I then asked myself what I could read into this headline. If there was talk of an upcoming budget, there must be a government somewhere? Who was that “official” who seemed to be acting as a spokesperson for the absent government? I knew that my only choice was to find the journalist who wrote the story and walk the chain. Still having the paper in hand, it was easy for me to find the first link in the chain: the name I needed was right there, a strange but evocative name, Canadian Press. So I got up, chugged down the rest of my latte, burning my upper lip in the process, and quickly walked out of the Starbucks to look for a phone booth. In these days of intelligent phones, phone booths are rare – I actually made a mental note to find a client that would be interested in paying me to investigate their disappearance- , I did locate one and, although it was covered with spray from the slush covered macadam, was able to consult the phone book. I finally caught a break, or so I thought: while being generously covered with wet crap propelled by a passing OC Tranpo articulated bus, I was able to find out that Canadian Press lived only a few blocks away. Jumping sideways to avoid another spray, I ran as quickly as I could to where Canadian was purported to reside. To my surprise, this happened to be a Canada Post outlet. The address details brought me straight to a post office box. I wondered how small Canadian Press was if he could actually live out of such a tiny place. I knocked but got no answer, another dead end.

Dejected, I walked down Bank Street, then made a right on Gladstone, then another right on Lyon, paying close attention to the stupid speed bumps, then left again on Laurier (or was it right?). I knew I had to meet with my client the next day and I really had nothing to show for my efforts. As I was thinking through what I was going to say, I realized I was standing on the Laurier Bridge, overlooking the Rideau Canal. Watching skaters of all walks of life coming and going on the ice, I recalled a cryptic message given to him by a brave but strange civil servant who wanted to be called “profound gorge” - or was it “abyssal throat” - any way, the message said: “Beware the Winterlude thaw, the government may sink.”. Try as I could, I could not read anything into it. I had no clue what it meant, but I did find though that by recombining the letters in the word “government” you could end up with the phrase “no germ vent”; cute but useless. I attempted to get more information out of “deep oesophagus” - or was it “bottomless pharynx” – but he was not willing to discuss the matter further, even when I promised a free lunch at Mama Theresa. I finally decided to dismiss the message as yet another boredom induced vision.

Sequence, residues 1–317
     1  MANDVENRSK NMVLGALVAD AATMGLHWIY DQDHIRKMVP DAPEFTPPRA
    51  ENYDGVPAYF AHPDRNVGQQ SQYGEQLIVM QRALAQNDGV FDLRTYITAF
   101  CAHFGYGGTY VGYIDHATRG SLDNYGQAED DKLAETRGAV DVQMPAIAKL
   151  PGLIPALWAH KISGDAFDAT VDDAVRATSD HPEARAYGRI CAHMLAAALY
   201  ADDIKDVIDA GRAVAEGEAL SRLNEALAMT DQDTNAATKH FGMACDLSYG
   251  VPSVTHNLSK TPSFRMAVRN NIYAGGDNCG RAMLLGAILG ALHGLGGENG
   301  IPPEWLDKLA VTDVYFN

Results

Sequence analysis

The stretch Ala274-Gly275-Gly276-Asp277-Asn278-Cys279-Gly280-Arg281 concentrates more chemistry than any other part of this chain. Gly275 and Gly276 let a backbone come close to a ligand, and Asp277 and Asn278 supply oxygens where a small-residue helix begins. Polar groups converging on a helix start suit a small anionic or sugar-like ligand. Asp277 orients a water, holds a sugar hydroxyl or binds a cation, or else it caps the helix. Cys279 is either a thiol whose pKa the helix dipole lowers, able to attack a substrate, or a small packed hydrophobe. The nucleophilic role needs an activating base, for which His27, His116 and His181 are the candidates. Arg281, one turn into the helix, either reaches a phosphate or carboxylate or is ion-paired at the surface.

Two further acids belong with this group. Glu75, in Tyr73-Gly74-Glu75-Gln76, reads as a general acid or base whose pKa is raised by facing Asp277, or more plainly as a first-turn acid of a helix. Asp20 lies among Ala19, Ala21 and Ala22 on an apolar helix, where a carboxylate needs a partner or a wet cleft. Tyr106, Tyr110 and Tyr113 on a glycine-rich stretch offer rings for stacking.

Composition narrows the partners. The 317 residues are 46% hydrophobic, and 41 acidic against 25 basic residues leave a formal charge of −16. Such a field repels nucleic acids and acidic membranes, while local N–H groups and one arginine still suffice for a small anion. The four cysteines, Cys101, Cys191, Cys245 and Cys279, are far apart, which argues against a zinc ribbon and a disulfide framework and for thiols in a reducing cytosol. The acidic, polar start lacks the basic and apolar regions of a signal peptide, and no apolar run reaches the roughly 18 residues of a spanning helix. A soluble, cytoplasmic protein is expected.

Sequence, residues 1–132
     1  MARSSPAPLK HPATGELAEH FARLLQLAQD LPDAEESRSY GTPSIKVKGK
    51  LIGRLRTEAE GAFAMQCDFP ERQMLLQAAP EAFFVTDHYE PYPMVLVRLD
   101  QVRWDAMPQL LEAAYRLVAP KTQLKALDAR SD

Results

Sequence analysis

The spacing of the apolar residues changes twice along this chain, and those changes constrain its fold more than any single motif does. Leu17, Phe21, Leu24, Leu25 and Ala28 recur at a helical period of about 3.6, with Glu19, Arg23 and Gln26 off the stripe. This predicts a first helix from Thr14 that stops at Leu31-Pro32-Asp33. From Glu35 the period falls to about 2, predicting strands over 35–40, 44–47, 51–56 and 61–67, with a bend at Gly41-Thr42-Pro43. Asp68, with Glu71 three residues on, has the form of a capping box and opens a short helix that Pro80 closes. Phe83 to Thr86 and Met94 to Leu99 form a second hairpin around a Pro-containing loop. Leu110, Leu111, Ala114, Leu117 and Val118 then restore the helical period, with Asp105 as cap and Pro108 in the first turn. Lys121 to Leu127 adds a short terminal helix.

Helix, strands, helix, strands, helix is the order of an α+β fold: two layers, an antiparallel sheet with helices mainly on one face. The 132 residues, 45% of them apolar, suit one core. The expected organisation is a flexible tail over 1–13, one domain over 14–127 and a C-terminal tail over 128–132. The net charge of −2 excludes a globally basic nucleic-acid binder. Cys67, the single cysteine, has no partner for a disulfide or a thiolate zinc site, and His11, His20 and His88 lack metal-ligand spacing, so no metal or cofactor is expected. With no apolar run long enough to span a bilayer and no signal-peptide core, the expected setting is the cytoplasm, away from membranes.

But now, seeing the Canal, I was struck by a thought; could it be that… And then, out of the blue, I saw Steven, wearing his old Calgary Flames “tuque” and Edmonton Oilers team jacket getting ready to throw a snowball at Michael who was skating away, munching on a beaver tail and reading an essay on the deterministic effects of common indo-european language roots on Bermuda’s Hansard.

So the government hadn’t gone missing after all; it had just decided to take a really, really long pause. Having finally understood what had happened, it now seemed that everywhere I looked I could see MPs and their staff smiling, laughing, playing; all in all being as unproductive as schoolchildren at recess. I remember thinking to myself how nice it was to see our representatives doing what they do best.

With a clear conscience, I returned home to type up my report. Suffice to say that my client was really happy when I told him the news and he signed me a big, income tax deductible cheque.

Thus ended case 12; another successful case for the files of Wally Marte.